And I was yet to be proven wrong when I began reading the story as Shirley Jackson presented the setting as a beautiful day and everything seemed to be going smoothly. Then before we know it, by the end of the day the audience is presented by this old fashioned, gruesome death of stoning. This source is most accurately going to be used in my essay, by its citation for irony of the “stoning” itself. I quote “though the villagers had forgotten the ritual and lost the original black box, they still remembered to use stones”. Ironically no one in the community understands why they must kill a citizen each year, but in response, know “exactly” how to throw stones and kill
Overall, anyone can see that Abigail had bad intentions from the beginning and she only cares about herself. By looking at The Crucible, one can see that Abigail Williams develops the theme of reputation, which is important because people who fear losing their reputation spread hysteria. She only wants John Proctor and to take Elizabeth Proctor’s spot. She is so evil that she risked innocent people’s life over a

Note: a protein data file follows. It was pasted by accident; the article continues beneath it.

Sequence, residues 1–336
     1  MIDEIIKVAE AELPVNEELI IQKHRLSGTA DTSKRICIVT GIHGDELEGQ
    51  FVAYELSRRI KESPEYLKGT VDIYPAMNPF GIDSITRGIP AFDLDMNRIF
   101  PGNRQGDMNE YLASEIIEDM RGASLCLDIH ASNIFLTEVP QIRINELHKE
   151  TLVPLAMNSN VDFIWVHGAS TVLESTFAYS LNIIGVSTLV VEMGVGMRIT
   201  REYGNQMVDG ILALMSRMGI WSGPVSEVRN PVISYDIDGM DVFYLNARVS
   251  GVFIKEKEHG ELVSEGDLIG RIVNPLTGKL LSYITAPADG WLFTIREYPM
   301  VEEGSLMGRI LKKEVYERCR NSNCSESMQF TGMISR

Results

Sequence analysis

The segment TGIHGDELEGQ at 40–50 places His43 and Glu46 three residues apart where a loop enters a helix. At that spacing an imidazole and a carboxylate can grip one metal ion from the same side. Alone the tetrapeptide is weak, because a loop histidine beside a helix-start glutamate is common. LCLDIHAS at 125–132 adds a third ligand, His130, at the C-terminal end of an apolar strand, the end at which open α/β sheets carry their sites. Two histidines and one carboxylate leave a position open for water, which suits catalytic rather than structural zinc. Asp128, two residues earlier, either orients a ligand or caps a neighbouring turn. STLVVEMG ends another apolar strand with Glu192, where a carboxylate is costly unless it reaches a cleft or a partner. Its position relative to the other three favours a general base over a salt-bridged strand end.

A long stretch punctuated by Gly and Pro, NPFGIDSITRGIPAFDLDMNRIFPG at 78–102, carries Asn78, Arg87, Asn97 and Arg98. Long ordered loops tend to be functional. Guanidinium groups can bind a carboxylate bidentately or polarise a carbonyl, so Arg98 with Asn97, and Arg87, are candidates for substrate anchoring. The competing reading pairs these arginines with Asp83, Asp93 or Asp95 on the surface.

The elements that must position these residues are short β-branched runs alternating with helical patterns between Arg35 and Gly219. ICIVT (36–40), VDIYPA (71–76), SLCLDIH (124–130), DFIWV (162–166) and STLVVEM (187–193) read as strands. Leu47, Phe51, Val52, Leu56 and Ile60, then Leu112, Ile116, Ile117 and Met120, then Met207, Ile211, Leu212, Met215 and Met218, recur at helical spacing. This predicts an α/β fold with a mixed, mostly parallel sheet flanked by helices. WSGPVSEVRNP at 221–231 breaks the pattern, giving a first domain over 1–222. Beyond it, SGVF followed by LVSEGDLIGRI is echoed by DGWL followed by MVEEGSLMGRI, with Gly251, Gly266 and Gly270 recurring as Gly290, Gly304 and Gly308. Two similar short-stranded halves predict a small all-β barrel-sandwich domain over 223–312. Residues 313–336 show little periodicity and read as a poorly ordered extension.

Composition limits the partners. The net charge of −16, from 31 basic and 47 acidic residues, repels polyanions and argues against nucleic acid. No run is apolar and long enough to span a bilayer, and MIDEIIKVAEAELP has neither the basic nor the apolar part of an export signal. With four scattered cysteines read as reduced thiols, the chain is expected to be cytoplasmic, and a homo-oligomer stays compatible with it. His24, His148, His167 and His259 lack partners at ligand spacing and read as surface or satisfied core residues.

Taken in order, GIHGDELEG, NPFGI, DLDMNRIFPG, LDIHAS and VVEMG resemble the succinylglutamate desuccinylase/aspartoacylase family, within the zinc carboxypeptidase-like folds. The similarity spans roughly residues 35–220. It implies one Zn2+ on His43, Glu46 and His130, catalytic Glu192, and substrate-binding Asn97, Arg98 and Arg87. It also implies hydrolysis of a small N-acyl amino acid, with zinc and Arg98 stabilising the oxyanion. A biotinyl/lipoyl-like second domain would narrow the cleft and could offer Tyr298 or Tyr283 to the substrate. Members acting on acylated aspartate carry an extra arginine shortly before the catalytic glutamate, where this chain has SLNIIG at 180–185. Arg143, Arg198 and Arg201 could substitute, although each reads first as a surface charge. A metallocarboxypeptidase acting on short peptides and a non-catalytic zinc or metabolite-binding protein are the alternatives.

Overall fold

Going against the Ten Commandments back in Puritan times was considered one of the worst things you could do and would have deadly consequences. When John goes to see Abigail to talk, Elizabeth responds with: “ You were alone with her?” (Miller 53). Elizabeth is still very superstitious and is not sure if she has her husband’s full trust. Therefore, the unstable condition of their marriage continues. Later in the play, Elizabeth Proctor is put on trial for witchcraft by the despicable Abigail Williams.